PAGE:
June 28, 2021
Years published: 2021
NORD gratefully acknowledges Michael Girardi, MD, Professor and Vice Chair, Department of Dermatology, Yale School of Medicine, for assistance in the preparation of this report.
Prurigo nodularis (PN) is a chronic inflammatory skin disease where an extremely itchy, symmetrically distributed rash appears most commonly on the arms, legs, the upper back and/or the abdomen. The itch associated with PN is so severe that it often interferes with sleep and psychological wellbeing. PN can appear on its own or be associated with other skin diseases or underlying medical conditions that affect multiple body systems, such as cancer, diabetes, chronic kidney disease or AIDS. The exact cause of PN is unknown, but altered function of the immune system and nerves in the skin is believed to be associated with heightened sensations of itchiness (pruritus) that leads to frequent scratching. Frequent scratching and picking of the skin is also thought to contribute to further lesion thickening and formation seen in the disease. PN can occur at any age but is more common in the elderly. When PN occurs in younger patients, it is more likely to be associated with inflammatory skin diseases, usually eczema (also called atopic dermatitis). Diagnosis is usually made by a dermatologist based on clinical symptoms and response to medications, but microscopic examination of a skin biopsy can aid in confirming the diagnosis. Although no FDA-approved treatments for PN currently exist, treatments used for other skin disorders ranging from topical creams to medications that alter the immune response are sometimes prescribed for patients with PN.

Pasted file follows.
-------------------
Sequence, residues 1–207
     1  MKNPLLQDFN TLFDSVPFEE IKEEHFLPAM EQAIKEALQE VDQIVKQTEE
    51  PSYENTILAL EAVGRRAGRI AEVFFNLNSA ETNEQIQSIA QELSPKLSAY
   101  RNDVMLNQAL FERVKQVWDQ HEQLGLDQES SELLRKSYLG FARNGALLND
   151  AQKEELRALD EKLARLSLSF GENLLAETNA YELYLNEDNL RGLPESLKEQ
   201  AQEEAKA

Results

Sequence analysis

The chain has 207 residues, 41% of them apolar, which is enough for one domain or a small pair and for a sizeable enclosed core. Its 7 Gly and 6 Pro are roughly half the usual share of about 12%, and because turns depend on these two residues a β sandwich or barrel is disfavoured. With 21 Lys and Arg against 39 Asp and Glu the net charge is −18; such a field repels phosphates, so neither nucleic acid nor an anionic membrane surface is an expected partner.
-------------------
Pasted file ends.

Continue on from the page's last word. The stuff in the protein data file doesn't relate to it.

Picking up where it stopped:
The rash associated with prurigo nodularis varies in appearance from patient to patient and is thought to occur from excessive, chronic scratching and picking due to sensations of intense itchiness (pruritus), burning and stinging. Pruritus associated with PN is usually severe; occurs in episodes but can be continuous; and is chronic, lasting longer than 6 weeks. It is typically worsened by sweat, heat, clothing, and stress.